Then Month 5. She stopped sleeping for the four-hour chunk of time she’d been giving me her whole life and decided to wake up every hour. After a few weeks of sleep deprivation torture. I tell Captain,

“I’m not going to make it. I need you to sleep on the couch, so I can have Baby Bop in bed with me for the whole night.”

And that sounds really calm when I read it here, but it wasn’t.

After one night of that, I thought to myself,

“Wow, we were up every hour, but I feel rested.” Not having to stand up and get Baby Bop out of her crib, to put my boob in her mouth, was a miracle. I ask Captain,

“Will you sleep on the couch one more night?”

So two months of Captain sleeping on the couch later, I feel great! I ask Captain,

“What do you want for Valentine’s Day?”

“I want to sleep with you in the bed.”

Mmm. Sounds nice. So we’re working on getting Baby Bop back in her crib. I’m employing all sorts of methods, tricks, advice, witchcraft. Whatever works. And then I read this in one of my many parenting books:

“If diapers and pajamas don’t foil them… some baby girls adopt a version of rocking which rhythmically rubs their vulva against the crib mattress or bars.”

If Baby Bop knew this, she’d like her crib a whole lot better.

So while I leave the book near Baby Bop in case she wants to read it, we work on making our bed safe for an increasingly mobile girl. It was either put our mattress on the floor and lose precious storage space or put rails on the side of the bed. We put up rails.

I tell Captain,

“I like the rails! They make the bed feel really cozy.”

“You’re all set for the nursing home.”

Guess I should stop rubbing in the fact that I’m enjoying sleeping in the bed. But don’t feel too bad for Captain. It’s a memory foam couch and it cost a lot more than our bed.

The other night I startle awake to Captain standing next to the bed. I ask him,

“What’s going on?”

“I’m trying to see where everybody is.”

No one is in the crib and everybody, Baby Bop and I, are in the bed. This crib thing isn’t happening overnight.

Last night, with Baby Bop asleep in the bed, I collapse on the couch to enjoy my couple hours of baby free time. I start with my favorite activity, scrolling through photos of Baby Bop. Captain admires the photos and declares,

“I want to wake her up and play with her.”

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Bed rails!

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Baby Bop’s Valentine’s Day present for Captain: Chocolate poop

No Ban No Wall, Baby Bop agrees

I have an unshakeable queasiness. I go about my daily life: brushing my teeth, taking care of my baby and it stabs me again and again. The psychological weight of this evil White House administration is constant.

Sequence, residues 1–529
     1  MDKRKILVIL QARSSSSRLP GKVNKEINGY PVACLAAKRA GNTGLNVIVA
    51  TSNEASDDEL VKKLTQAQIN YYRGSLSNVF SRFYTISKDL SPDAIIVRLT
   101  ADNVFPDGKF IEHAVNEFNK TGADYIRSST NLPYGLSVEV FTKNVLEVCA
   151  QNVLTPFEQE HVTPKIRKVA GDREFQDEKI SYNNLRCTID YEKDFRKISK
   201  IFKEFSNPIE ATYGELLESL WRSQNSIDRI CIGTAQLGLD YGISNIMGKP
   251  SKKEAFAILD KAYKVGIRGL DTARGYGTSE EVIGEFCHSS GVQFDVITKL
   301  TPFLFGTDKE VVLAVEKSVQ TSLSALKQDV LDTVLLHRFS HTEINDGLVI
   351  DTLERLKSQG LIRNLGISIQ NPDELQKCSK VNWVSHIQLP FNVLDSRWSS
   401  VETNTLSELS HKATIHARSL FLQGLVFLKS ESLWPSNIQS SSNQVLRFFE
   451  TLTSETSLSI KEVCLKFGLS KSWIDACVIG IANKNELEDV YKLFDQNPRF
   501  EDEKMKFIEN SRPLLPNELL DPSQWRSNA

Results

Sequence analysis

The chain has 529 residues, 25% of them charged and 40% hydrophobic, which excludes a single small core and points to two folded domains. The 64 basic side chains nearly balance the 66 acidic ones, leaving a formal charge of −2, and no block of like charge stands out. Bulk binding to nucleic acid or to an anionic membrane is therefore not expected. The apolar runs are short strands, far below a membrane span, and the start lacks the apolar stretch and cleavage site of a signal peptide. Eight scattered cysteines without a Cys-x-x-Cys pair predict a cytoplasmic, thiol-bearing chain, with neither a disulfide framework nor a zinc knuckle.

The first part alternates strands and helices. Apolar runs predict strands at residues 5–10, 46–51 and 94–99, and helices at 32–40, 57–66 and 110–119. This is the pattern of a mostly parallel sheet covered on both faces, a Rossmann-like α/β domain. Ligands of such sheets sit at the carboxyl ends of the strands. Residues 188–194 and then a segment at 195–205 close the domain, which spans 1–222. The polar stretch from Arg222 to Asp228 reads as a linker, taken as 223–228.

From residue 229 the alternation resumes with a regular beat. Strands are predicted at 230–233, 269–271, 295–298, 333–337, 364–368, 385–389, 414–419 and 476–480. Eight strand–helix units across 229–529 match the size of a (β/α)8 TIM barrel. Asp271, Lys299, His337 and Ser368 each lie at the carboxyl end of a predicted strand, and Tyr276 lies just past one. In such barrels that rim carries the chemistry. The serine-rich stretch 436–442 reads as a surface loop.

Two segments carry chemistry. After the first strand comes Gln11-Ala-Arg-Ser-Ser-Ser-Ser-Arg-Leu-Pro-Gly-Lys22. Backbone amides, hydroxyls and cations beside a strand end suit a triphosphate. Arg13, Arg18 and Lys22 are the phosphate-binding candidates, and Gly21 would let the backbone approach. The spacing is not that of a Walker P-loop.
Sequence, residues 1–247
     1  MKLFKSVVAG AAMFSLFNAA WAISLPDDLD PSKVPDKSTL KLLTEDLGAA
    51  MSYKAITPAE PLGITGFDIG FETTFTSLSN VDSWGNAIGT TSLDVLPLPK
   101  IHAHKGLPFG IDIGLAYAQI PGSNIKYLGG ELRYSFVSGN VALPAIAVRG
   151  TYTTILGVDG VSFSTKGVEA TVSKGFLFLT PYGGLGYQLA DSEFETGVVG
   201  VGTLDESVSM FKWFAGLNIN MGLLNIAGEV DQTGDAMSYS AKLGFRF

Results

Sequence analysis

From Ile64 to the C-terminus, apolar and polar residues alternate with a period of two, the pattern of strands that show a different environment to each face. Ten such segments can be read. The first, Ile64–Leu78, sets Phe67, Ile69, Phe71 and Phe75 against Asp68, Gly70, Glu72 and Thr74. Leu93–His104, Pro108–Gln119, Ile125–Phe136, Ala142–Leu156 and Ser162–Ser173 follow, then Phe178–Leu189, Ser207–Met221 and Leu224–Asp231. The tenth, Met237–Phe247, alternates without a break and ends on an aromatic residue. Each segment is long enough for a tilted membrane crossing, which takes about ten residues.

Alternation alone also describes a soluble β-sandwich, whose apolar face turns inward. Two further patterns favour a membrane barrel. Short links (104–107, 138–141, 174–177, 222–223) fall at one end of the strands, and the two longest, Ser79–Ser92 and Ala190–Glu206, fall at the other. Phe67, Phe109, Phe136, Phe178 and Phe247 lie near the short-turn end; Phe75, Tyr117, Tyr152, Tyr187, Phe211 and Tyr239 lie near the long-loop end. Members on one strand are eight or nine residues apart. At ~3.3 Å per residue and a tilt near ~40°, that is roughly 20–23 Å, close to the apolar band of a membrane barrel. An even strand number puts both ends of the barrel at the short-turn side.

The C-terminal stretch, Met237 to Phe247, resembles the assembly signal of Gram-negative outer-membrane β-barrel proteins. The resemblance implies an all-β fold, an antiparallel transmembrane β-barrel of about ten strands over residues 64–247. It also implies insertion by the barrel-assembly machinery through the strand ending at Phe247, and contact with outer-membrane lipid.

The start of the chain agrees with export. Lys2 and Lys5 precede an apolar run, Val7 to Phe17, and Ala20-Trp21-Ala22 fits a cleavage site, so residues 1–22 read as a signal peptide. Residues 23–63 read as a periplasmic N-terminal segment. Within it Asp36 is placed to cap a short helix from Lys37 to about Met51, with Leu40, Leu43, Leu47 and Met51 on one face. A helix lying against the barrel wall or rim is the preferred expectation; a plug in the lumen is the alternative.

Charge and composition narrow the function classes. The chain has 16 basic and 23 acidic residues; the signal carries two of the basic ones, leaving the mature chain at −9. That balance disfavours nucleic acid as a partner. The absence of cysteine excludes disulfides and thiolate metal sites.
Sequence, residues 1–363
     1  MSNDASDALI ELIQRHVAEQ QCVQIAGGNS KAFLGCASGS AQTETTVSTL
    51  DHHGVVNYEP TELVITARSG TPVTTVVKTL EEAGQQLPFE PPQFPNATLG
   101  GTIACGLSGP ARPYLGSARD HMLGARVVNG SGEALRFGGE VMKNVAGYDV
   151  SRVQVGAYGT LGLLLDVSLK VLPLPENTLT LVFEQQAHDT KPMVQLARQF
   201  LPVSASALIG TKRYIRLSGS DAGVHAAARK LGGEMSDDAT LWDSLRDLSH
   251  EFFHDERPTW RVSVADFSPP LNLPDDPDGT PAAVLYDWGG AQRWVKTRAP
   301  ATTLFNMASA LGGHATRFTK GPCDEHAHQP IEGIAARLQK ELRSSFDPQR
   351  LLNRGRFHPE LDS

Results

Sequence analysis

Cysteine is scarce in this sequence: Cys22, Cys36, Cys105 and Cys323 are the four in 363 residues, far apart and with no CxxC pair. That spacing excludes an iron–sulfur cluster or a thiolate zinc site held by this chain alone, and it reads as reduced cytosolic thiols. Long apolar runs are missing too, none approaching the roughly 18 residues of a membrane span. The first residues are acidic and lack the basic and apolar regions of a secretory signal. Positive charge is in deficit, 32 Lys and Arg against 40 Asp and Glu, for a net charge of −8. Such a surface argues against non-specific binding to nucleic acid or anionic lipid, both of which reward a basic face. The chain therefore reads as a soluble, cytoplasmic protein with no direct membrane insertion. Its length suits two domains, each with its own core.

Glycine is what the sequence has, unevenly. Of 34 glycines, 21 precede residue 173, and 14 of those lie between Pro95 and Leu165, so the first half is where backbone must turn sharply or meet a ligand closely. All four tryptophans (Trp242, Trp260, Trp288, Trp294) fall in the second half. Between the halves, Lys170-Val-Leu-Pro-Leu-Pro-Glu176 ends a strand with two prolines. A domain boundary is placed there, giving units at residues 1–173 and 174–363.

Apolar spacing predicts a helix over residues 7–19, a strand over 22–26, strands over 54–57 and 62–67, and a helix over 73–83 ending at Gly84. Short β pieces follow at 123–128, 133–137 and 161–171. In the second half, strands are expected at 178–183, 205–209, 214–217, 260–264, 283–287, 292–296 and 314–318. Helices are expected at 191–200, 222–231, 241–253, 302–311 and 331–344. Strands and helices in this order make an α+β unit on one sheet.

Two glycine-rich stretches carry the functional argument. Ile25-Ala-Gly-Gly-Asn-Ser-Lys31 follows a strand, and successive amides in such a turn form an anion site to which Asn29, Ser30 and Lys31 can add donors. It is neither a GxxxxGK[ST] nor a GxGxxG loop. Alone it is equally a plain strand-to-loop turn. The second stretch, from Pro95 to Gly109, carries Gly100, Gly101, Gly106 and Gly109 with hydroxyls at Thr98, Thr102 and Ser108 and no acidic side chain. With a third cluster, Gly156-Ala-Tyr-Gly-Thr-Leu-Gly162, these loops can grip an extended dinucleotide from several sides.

Baby Bop agrees, so I’m filling her calendar with protests. We didn’t make it to the one at Logan airport because it was past our bedtime, but we made it to one yesterday and looks like there’s one on Wednesday that’ll fit in great with our nap schedule.

Meanwhile on the home front, physical therapy is winding down. Am I like new? No. If I were posting my vagina for sale on Amazon I would need to label it as “good.”  As in it has had some solid use, there are small markings and folds, but it’s in usable condition. I could try passing it off as “very good.” As in it has had minimal use, is unmarked, undamaged and shows limited signs of wear. But we all know that’s not true.

After my regular appointment with my physical therapist, she hands me over to a 25-year-old guy to help me go through my exercises. He has an even younger trainee with him. This guy looks like he just started sleeping through the night. He might be 21.

I do my squats. The 25-year-old attempts small talk,

“How’s the sleep going?”

Once this guy has to feed a baby at 3am for months on end, then we can talk about sleep.

Out of nowhere a random woman walks up to Baby Bop’s stroller and starts touching her. My insides recoil and I almost drop the 17 pound weight that’s standing in for Baby Bop. The woman notices my concern and reassures me,

“I have a baby too.”

Part of me softens, but the other part of me screams, well then what the heck are you thinking?

I try to focus on my squats. The 21-year-old looks over the list of exercises I’m supposed to do and asks the 25-year-old,

“So what’s the injury?”

“Childbirth or something like that.”

Something like that? What is something like childbirth?

Baby Bop preferred to protest from inside my coat. Don’t worry, she made her voice heard.

Baby Bop asleep for the win!

Today is a magnificent day. Baby Bop napped on her own for an hour. On her own, as in not attached to my body. No boob in her mouth, no boob on her cheek, no boob within smelling distance. And no one bouncing her. She might as well have told me that she just got accepted to college for the joy and relief I feel.